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The CFPA--A Bureaucracy to Benefit Women and Families

posted by Debb Thorne

I recognize that some folks dislike the idea of a CFPA. Indeed, it may well feel like just another bureaucracy--and sometimes it seems that our country is awash in the doggone things. Why in the world would we want another one? I think there are many good reasons for a CFPA, and not the least of which is discussed in a paper I recently published in Journal of Family and Economic Issues ("Extreme Financial Strain: Emergent Chores Gender Inequality, and Emotional Distress").

As I discuss in the article, among families who are experiencing extreme financial distress, it is overwhelmingly the wives who are left alone to juggle the bills, deal with debt collectors, and eventually make the decision to file bankruptcy. And even when they ask for their husband's help, many men simply refuse to get involved. The upshot is that these wives are left emotionally exhausted--reporting severe depression, paranoia, and insomnia. A few even openly describe their wish for death as a way to escape the pressure of the bills.

The feminist side of me has real hope that a CFPA could rein in some of the egregious lending practices that are often at the root of many household financial pressures and thus causing the crushing strain on millions of married women in our country as they try to make ends meet. And the wife side of me, the woman who has been married for 28 years, also hopes that if a CFPA can reduce some of the everyday abusive and/or predatory lending, fewer marriages will come unwrapped. Disagreements over money are the leading cause of divorce---given that my husband and I have had our share of these types of arguments, I completely get it.

As a feminist, I typically don't align too closely with the pro-family agenda. But in this case, I do. It makes me sick and quite angry that wives are being terrorized and marriages are being undermined by debt that all-too-often results from unethical (but, unfortunately, perfectly legal) lending practices. Yep, at least in this instance, I'm placing a lot of faith in the power of a bureaucracy.

Comments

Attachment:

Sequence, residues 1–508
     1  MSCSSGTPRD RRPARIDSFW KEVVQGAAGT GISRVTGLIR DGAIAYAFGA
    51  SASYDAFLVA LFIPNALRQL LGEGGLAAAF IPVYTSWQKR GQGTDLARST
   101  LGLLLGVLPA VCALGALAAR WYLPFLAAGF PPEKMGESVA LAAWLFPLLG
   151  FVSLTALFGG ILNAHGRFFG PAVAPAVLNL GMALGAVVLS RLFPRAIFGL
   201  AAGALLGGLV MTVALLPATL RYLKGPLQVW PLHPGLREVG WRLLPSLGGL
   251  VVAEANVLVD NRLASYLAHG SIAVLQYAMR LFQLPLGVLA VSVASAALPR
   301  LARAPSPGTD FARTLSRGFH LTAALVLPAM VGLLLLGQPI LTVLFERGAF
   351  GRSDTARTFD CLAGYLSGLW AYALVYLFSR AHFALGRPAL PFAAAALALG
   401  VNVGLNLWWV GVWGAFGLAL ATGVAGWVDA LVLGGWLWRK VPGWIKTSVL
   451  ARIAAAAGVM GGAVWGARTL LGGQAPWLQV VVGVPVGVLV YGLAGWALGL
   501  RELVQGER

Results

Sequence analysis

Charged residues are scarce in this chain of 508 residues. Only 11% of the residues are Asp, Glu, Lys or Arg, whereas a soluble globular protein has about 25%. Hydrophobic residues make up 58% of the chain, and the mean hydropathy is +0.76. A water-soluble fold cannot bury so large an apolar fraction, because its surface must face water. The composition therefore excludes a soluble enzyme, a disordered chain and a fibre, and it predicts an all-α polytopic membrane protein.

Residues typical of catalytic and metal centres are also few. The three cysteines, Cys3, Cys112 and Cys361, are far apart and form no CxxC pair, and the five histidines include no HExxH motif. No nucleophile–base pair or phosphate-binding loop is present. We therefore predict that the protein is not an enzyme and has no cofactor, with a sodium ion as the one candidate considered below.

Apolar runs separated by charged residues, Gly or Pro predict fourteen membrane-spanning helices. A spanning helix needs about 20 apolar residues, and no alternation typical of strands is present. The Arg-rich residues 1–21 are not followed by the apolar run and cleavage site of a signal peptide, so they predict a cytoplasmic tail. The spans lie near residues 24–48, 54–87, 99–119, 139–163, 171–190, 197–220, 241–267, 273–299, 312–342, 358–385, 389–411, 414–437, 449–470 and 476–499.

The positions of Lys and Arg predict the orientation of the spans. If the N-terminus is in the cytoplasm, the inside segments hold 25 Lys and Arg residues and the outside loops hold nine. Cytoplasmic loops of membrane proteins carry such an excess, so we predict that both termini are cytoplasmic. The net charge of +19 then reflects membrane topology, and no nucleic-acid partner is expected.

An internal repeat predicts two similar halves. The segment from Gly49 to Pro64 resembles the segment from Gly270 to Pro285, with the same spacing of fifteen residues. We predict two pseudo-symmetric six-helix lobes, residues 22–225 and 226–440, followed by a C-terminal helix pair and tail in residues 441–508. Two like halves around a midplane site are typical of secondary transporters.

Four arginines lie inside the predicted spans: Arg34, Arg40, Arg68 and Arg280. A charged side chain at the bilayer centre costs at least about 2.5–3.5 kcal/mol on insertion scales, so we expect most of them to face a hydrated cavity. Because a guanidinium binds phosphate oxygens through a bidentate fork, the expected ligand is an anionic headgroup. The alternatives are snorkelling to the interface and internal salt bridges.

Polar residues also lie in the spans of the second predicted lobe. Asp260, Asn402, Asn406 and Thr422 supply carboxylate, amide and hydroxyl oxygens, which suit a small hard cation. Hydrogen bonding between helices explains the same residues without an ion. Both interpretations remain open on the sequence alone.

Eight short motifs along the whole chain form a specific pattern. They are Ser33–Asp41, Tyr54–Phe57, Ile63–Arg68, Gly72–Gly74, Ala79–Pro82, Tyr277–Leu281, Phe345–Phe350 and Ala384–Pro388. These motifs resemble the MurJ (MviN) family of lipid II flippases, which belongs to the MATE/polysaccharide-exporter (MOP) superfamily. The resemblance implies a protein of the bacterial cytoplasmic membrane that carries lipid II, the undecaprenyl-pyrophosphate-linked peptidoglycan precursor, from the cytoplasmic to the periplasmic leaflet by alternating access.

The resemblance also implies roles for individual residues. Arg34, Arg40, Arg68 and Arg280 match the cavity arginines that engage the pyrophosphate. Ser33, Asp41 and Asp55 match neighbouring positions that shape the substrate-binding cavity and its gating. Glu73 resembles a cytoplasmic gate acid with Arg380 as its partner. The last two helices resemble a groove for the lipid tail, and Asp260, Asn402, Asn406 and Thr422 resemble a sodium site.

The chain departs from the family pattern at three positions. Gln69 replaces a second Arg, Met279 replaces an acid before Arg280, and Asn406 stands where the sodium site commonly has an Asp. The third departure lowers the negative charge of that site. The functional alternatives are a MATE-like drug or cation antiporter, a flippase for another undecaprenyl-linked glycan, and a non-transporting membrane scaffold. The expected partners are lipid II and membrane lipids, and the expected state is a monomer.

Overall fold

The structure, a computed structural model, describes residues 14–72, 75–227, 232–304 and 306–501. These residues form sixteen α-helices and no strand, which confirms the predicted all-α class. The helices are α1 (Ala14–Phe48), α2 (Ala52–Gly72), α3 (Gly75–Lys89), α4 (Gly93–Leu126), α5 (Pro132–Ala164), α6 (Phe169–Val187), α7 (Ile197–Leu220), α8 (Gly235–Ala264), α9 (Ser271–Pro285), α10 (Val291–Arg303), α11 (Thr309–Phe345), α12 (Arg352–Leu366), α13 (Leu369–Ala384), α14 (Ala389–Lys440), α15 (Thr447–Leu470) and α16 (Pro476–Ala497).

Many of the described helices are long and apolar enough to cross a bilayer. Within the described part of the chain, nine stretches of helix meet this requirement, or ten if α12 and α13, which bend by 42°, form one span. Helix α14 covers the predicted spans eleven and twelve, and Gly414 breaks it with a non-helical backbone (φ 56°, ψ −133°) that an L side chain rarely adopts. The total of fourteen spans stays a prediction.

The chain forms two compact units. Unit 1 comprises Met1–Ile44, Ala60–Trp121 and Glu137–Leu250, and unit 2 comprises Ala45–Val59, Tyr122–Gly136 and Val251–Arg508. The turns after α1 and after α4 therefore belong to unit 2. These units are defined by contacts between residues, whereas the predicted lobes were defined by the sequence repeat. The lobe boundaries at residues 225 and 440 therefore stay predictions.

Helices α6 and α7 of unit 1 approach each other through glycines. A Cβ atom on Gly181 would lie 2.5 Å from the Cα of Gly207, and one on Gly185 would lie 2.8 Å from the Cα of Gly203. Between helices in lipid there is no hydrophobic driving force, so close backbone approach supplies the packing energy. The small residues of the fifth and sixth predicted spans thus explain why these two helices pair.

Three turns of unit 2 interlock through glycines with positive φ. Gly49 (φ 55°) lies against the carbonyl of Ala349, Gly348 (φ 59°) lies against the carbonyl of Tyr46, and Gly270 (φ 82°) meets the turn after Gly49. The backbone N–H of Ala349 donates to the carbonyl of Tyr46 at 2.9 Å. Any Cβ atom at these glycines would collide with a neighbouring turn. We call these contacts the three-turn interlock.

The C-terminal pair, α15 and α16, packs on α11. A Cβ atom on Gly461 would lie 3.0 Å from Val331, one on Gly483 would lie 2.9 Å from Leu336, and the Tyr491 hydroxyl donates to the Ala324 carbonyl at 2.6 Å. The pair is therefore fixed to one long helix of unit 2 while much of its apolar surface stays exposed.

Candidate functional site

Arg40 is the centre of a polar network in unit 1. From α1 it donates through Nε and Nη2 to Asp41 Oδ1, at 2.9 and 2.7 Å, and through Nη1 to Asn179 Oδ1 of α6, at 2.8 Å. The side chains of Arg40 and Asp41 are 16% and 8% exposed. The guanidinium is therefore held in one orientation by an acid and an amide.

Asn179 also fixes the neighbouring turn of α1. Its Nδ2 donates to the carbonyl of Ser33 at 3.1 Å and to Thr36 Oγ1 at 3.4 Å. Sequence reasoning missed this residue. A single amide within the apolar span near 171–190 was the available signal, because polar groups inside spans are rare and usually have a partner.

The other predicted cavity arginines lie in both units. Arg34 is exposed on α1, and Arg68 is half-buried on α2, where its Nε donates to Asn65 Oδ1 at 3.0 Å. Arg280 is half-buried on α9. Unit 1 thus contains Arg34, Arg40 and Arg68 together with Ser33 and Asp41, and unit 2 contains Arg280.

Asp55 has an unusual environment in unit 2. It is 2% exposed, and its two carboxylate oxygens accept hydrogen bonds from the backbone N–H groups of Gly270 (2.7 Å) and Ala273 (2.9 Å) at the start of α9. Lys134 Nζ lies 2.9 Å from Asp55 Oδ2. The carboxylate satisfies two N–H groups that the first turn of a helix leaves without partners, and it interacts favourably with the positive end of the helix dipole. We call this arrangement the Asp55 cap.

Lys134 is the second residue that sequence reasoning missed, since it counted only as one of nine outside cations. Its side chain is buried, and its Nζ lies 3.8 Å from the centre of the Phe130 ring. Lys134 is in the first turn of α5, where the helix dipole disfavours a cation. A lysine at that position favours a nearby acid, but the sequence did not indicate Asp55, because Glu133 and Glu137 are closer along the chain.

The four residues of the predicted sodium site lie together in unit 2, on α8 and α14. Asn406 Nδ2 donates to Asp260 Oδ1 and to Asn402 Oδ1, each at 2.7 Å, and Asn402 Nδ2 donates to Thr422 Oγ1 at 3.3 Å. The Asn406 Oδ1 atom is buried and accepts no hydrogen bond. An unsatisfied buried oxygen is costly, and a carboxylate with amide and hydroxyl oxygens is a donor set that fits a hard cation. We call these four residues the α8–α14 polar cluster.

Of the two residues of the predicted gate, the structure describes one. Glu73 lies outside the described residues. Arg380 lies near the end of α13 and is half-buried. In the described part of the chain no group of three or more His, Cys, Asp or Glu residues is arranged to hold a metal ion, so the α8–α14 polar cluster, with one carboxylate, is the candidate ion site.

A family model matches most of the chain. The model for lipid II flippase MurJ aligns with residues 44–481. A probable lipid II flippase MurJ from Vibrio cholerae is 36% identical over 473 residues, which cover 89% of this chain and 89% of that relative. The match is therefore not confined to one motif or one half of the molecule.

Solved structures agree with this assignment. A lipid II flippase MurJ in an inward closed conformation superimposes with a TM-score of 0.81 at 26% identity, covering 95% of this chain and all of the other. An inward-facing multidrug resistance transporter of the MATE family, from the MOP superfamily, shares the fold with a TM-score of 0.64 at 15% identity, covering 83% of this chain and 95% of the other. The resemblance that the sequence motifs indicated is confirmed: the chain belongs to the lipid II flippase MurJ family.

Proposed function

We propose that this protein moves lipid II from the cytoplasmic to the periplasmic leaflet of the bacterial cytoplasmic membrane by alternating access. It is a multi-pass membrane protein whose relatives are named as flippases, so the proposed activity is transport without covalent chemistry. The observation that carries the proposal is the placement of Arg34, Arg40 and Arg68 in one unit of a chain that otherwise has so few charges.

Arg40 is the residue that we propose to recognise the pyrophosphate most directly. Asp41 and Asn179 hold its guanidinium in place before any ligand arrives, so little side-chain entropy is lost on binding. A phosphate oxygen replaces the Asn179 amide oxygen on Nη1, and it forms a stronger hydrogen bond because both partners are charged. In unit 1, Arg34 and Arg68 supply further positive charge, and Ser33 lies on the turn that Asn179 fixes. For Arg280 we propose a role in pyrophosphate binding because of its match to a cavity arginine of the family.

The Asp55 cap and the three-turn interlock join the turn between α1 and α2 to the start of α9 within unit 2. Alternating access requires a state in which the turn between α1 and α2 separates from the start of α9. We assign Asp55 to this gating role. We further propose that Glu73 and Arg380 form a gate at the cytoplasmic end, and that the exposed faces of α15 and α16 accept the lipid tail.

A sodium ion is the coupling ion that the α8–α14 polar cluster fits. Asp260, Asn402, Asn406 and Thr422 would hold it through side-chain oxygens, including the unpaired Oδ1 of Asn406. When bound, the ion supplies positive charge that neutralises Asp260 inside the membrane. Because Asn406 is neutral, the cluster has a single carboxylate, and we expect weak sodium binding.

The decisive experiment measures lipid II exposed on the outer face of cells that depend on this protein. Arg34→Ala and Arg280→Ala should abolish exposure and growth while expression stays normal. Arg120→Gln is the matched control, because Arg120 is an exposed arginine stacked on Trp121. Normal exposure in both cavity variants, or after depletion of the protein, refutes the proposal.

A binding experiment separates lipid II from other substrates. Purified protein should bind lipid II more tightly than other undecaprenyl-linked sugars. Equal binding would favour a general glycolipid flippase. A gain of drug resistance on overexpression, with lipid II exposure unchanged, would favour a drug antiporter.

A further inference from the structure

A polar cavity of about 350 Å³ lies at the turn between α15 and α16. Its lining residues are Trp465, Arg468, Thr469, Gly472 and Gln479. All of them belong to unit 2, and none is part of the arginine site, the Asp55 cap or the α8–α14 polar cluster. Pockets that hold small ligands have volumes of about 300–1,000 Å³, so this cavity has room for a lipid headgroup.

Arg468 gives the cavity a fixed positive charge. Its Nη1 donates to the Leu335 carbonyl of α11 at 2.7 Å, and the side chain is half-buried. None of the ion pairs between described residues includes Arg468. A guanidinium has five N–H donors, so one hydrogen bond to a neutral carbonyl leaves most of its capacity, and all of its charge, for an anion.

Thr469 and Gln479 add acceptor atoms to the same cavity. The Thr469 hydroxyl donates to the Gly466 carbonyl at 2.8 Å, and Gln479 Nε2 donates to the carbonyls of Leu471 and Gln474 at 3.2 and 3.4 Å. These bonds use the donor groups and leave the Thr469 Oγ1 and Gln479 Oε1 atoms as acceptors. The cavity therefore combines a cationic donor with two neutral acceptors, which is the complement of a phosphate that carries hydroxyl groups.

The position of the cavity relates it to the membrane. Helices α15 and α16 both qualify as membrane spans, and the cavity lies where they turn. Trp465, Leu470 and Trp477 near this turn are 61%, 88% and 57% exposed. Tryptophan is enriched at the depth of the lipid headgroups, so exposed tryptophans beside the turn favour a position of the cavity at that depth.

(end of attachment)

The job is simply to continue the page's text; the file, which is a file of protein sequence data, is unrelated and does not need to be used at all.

So, why shouldn't these women shouldn't be getting divorces if their husbands are disengaged from family life, heartlessly leaving them to lives of quiet desperation and madness? After all, they could unload 50% of marital debt and, from the way you describe it, the men aren't contributing and they're already single mom's -- so good riddance.

BTW, does being a feminist mean painting men with a broad brush and re-spelling "family" as "femme-ily"? Because I guess I'm just not really seeing the "family" part of your "pro-family" stance here.

WRT the CFPA, I'd be more concerned that it's going to be located in the Federal Reserve, the Mordor of financial deregulation. (cf. Brooksley Born)

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"Why in the world would we want another one?"

Very simple answer, to be truthful. None of the OTHER bureaucracies have, in the past, or are currently doing much of anything to truly protect consumers. The FTC, for instance, has just settled the third action against mortgage servicers (Countrywide and BAC Home Loan Servicing) with virtually identical charges to FTC v. EMC/Bear and USA/Curry v. Fairbanks and once again no admission of guilt was entered and the $108 Million "restitution" will really do absolutely nothing to make the estimated 200,000 victims whole. For those without calculators handy, were it spread evenly across the class - which it most likely won't be - that's about $540.00 per victim.

So the reason that we ultimately want "another" agency to handle consumer protection issues in the US is in the simple hope that THIS one will accurately and finally do the job it is intended to do - actually protect consumers. Unfortunately, due to the fact that the agency will be housed within the Fed and taking into account the virtual gutting that the bill took along the way, which was pretty much the political equivalent of a CIA wet team in action, I'm not going to hold my breath that the new agency is going to be overly effective. I can only hope that I am proved incredibly wrong.

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Couldn't disagree more with the initial commentary. I have been married over 45 years and I, as a husband, have taken care of the bills. Adding another layer of government oversight is just adding more tax burdens to consumers: men and women.

You may be different Mr. Bell but Debb described incredibility well what we see here on the front lines of consumer bks! I see it all the time!

Single mothers just divorced have some of our most heart wrenching situations and are some of our most vulnerable. Now because of debt settlement sections in their divorces we have to put them in 13s instead of 7s because of the exemptions to discharge in 7s. 7's do not protect them from their obligations to indemnify the former spouse for the debts a divorce judge separated. We just started to litigate that issue here just now. In those cases we like to try to get them to file before divorce (if they qualify for 7) or get the spouse and former spouse to file just so that there is no issue on those settlement agreements post-discharge.

Mike makes good points as always that this is what should have been happening this whole time. Mr. Sommer gives a great break down on why that is.

Great post Debb!

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